How-To Video Guides for Making Sourdough Bread

Video 1: Activating Dehydrated Sourdough Bread Starter Culture

Your starter is a 73-year-old starter from Italy – we nicknamed him ‘Gianni’ after the homestead’s Grandpa because he is an old Italian too. The beauty of each starter, however, is that they are unique to you once you get hydrating and feeding it. The baker and the home environment all contribute, so don’t forget to give your new starter a name.

Let’s get started. Put the whole packet of the starter into your clean glass jar. Add 50 ml (50g) of warm water to the jar and stir until all of the starter is wet. Now add 50g flour and mix well, ensuring you get plenty of air into the mixture. Cover with a lid (that doesn’t seal) to keep debris from falling into your mixture but allow the pressure inside to be released. Leave for 12 hours. After 12 hours, feed the starter 50ml (50g) of warm water and 50g of flour. Mix well. Put the lid back on loosely and leave for 12 hours. After 12 hours remove all but 50g of starter. Then feed the starter 50ml (50g) warm water and 50g flour. Mix well. Put the lid back on and leave for another 12 hours. Repeat this last step every 12 hours for the next 3-7 days. Before making bread, you want your starter to be bubbly and consistently doubling in size after each feed.  It should have the consistency of pancake batter. Not too thick and not too runny.

Video 2: Kitchen Equipment Needed For Making Sourdough Bread

List of equipment needed for making sourdough bread:

-16oz or larger glass jar
-1 pint glass measuring jug
-Small glass measuring jug
-Large ceramic bowl
-Danish dough whisk
-Flexible scraper
-Spatulas with silicone

-Digital scale
-Measuring cups
-Measuring spoons
-Banneton Baskets
-Cloth liner
-Shower cap (optional)
-Cotton tea towels
-Scoring lame
-Extra razors

Video 3: How-To Guide For Making Sourdough Bread at Home

Let’s make bread together.
This is a simple recipe with very few steps and kneading.

½ cup of starter (fed within 12 hours and having doubled)
310ml warm water
500g all-purpose unbleached white organic flour
2 tsp fine sea salt (we personally love using fine himalayan)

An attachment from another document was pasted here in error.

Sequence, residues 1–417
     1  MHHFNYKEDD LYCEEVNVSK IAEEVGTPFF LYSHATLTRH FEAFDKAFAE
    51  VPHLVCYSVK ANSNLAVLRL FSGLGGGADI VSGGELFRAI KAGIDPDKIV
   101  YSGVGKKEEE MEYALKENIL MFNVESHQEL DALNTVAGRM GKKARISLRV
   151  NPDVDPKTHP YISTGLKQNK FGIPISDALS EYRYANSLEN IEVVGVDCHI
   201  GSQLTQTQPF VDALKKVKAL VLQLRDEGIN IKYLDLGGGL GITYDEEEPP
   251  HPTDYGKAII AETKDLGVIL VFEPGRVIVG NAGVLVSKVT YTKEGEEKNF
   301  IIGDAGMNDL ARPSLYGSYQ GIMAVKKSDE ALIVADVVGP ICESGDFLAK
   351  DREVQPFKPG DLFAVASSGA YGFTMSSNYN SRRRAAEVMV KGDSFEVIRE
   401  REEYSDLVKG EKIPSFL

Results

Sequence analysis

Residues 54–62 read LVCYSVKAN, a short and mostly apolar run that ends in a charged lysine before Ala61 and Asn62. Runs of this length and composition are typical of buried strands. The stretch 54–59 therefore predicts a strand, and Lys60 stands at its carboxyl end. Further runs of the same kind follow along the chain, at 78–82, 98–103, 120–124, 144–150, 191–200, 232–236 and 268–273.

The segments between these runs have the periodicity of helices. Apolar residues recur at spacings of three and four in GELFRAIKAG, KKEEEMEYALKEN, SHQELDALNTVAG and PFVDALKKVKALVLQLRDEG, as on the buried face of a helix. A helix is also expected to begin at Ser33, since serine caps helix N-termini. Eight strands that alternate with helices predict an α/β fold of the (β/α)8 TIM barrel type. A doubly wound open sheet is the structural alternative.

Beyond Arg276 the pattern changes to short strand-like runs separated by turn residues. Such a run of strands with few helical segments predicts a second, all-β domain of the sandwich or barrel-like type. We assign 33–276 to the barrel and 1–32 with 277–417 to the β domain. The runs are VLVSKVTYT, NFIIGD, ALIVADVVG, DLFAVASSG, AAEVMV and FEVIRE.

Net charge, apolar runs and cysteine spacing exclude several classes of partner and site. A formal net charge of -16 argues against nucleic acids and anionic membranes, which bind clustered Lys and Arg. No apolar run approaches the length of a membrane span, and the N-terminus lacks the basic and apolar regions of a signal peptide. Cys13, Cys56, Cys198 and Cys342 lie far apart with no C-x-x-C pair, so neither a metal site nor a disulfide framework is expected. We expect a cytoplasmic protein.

In a large mixing bowl add the starter and water. Mix together using a Danish whisk, fork or chopstick. When it is all together and a milky colour, add flour and salt and mix to a shaggy dough. Cover with a damp cotton tea towel and leave for an hour. After an hour stretch and fold 4 times and then let rest for 20 minutes. Use a bowl of warm water to wet your fingers so that all the flour is incorporated. Do this 2-4 times and then cover and leave on the kitchen counter for up to 12 hours to proof. Note that proofing times can vary depending on temp, environment and types of flour used. Proof or proofing is the time where your dough is resting and rising. You should see it grow in size and there should be bubbles near the surface and it should be jiggly. You can test the proof by tough. It’s best to put a little flour on the dough or your finger and gently touch the surface. Proofed dough should spring back slowly when touched. Over-proofed dough will not spring back at all and will be over full of air and will deflate. Under-proofed dough will spring back very quickly so let it sit longer and check back every 20-30 minutes with your poke test. Other ways to tell if your have proofed your dough too much, too little or not enough is when you release it from the banneton. Over-proofed will often stick to the banneton, be harder to score and deflate when released from the basket. Under-proofed will be released quickly, be easy to score and will open up quickly. Just right and it will release easily, hold its shape, be easy to score and when scored open up slowly. Now it’s time to flour your dough a little on top and release it from the bowl and work it on the counter. Fold the ends in and shape it. Put the smooth shape down into your banneton. Let rise for 30 mins on the counter cover with a towel and then 1 hour in the fridge while you heat up your dutch-oven for an hour. (Alternatively, you can put in the fridge until you are ready to cook with a shower cap, damp towel or clingfilm on top. Let it sit out for 30 mins before baking.) Heat over to 500F with Dutch oven inside heating up with it. Tip banneton onto parchment paper, and score the top of your bread. Carefully place into the hot dutch oven. Bake for 20 minutes with the lid on. Then bake for 20 minutes with the lid off. If you don’t have a dutch oven you can try a number of different things to get that moist quality still in your bread.